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Rise of the “Dones”

Rise of the “Dones”

Mark Sandlin says that next to the “Spiritual But Not Religious” (SBNR) folks, there is another growing group of folks who are a growing part of the culture’s spiritual landscape. He calls them “the Dones” and they are faithful people who are done with church.

The God Article on Patheos:

In the last month, we’ve seen a new moniker making the rounds: “The Dones.” I find this a much more helpful label because it’s not as broad as SBNR or “The Nones”

Essentially, The Dones are unaffiliated believers.

While it sounds similar to the SBNR or even the The Nones, there is an important difference – one that should perk up the ears of the body of Christ: The Dones have all been active in a church. Frequently, they were among the most active.

I say it should perk up the ears of the body of Christ, but as I mentioned at the beginning of this article, it is much more likely to perk up the Church’s defenses.

For me, this is where the whole issue gets fascinating.

The Dones are done – walking away from Church, never to come back. They were once considered essential, valuable members of the community right up until the moment they left. Now they are big dummies that just don’t get it.


I think we may have just found the problem. That’s not really community. That’s not the unconditional love I hear preached from pulpits and in the teachings of Jesus. That’s a

“what-have-you-done-for-me-lately” kind of attitude that reeks of power structures, fitting in and meeting expectations. It’s basically what you would expect to find in institutions that are centuries old.

Interestingly enough, unlike the larger group of SBNR, some of whom are intentionally and unintentionally seeking out other forms of spiritual community, all of the Dones are done with spiritual community of any form.

The Church is killing spiritual community or at least killing it in an ever-growing portion of our population. The Dones’ experience with the Church killed their desire to ever go to that place of spiritual relationship in community again.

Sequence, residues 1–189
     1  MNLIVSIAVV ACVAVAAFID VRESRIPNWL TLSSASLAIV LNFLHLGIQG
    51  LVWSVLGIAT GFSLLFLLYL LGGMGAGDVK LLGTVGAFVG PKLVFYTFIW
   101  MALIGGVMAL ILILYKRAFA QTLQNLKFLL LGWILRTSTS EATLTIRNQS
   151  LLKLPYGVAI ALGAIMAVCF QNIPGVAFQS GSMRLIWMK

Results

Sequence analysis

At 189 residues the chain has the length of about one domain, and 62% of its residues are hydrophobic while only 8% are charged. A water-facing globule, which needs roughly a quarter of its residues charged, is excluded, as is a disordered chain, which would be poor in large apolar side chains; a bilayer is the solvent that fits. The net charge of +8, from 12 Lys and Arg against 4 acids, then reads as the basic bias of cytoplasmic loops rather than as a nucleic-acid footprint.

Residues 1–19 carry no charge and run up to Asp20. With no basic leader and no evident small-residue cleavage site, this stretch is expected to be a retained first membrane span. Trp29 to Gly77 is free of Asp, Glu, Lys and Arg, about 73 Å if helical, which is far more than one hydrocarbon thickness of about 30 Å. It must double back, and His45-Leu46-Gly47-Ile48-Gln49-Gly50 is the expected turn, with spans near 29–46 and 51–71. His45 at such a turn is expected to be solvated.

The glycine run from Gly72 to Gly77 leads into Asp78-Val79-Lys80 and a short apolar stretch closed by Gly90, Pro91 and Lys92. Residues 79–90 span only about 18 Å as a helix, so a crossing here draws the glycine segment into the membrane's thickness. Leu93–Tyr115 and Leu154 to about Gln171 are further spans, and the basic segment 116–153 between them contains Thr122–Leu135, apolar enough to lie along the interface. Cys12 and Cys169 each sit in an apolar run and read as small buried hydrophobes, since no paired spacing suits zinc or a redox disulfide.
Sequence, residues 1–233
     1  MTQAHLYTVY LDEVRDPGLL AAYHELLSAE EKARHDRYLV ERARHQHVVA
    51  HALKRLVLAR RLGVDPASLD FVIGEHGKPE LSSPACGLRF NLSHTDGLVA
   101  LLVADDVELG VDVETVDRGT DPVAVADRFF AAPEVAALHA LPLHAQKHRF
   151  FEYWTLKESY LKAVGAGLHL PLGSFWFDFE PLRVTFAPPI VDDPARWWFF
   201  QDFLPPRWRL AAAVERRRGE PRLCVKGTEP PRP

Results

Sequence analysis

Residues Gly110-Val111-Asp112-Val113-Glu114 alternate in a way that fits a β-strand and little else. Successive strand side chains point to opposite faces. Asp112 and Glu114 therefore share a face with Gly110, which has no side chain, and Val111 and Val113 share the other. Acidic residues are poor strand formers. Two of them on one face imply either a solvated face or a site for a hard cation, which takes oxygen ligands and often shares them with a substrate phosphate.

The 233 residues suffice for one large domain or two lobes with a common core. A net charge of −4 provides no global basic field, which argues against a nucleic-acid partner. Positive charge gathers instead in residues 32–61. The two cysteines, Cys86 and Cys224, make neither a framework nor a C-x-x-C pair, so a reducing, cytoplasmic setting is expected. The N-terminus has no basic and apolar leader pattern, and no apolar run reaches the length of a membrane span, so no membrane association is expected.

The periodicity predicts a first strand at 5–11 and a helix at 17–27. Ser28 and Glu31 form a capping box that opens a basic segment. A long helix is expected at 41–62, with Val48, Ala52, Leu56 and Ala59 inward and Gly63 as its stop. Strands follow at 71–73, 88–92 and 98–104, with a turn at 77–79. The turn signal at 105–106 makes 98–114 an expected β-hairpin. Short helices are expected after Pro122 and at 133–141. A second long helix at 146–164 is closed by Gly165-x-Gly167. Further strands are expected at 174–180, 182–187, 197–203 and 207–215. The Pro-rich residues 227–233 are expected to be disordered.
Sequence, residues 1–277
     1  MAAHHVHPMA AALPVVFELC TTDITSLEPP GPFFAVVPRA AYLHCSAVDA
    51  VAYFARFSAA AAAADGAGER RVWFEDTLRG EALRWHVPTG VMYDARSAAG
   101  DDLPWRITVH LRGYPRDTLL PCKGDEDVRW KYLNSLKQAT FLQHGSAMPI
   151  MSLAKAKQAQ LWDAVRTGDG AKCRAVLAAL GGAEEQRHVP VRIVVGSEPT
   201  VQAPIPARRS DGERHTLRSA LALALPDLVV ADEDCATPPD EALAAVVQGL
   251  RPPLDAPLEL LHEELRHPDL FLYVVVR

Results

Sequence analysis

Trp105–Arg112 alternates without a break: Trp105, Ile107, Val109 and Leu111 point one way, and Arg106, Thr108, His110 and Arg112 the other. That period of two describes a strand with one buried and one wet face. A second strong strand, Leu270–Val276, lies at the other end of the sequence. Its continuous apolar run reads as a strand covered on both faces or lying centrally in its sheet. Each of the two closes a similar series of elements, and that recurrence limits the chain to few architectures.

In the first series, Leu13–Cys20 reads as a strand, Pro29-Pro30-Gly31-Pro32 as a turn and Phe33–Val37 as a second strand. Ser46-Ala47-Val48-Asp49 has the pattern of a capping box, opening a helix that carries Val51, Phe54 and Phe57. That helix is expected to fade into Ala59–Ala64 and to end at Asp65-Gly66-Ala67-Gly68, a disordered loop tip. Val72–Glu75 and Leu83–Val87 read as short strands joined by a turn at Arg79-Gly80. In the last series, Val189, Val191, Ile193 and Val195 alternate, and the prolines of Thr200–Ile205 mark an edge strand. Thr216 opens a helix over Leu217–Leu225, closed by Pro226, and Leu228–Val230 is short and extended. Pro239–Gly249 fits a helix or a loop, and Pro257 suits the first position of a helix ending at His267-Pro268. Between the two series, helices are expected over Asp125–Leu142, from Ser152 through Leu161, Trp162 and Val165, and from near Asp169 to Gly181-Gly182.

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This summer while traveling around the country, I was lucky enough to visit several people I’d known because they had once been pillars of the parish where I worship. This parish is small, economically struggling, and a very faithful, vibrant, intimate community.

I was fascinated to be told by two people, independently, that they had chosen to affiliate with large churches in their new location. They wanted the anonymity and the freedom from community responsibility that such parishes could offer.

I’d say they were Done with a certain kind of institutional religiosity. They weren’t Done with being Episcopalians or Christians.

Jan Adams

Chaz Brooks

I did ask. It’s just that, try as I might, I can’t connect your generalized list of complaints to actions or policies you want the Church to take. I swear I’m not being dense on purpose. I just don’t know what you want me or anyone else to do.

Chaz Brooks

Love how this guide has framed his argument so that anyone who points how fantastically high yet ridiculously vague his expectations are, who likes centuries old institutions, is just a tyrannical, defensive killer of “spiritual community.”

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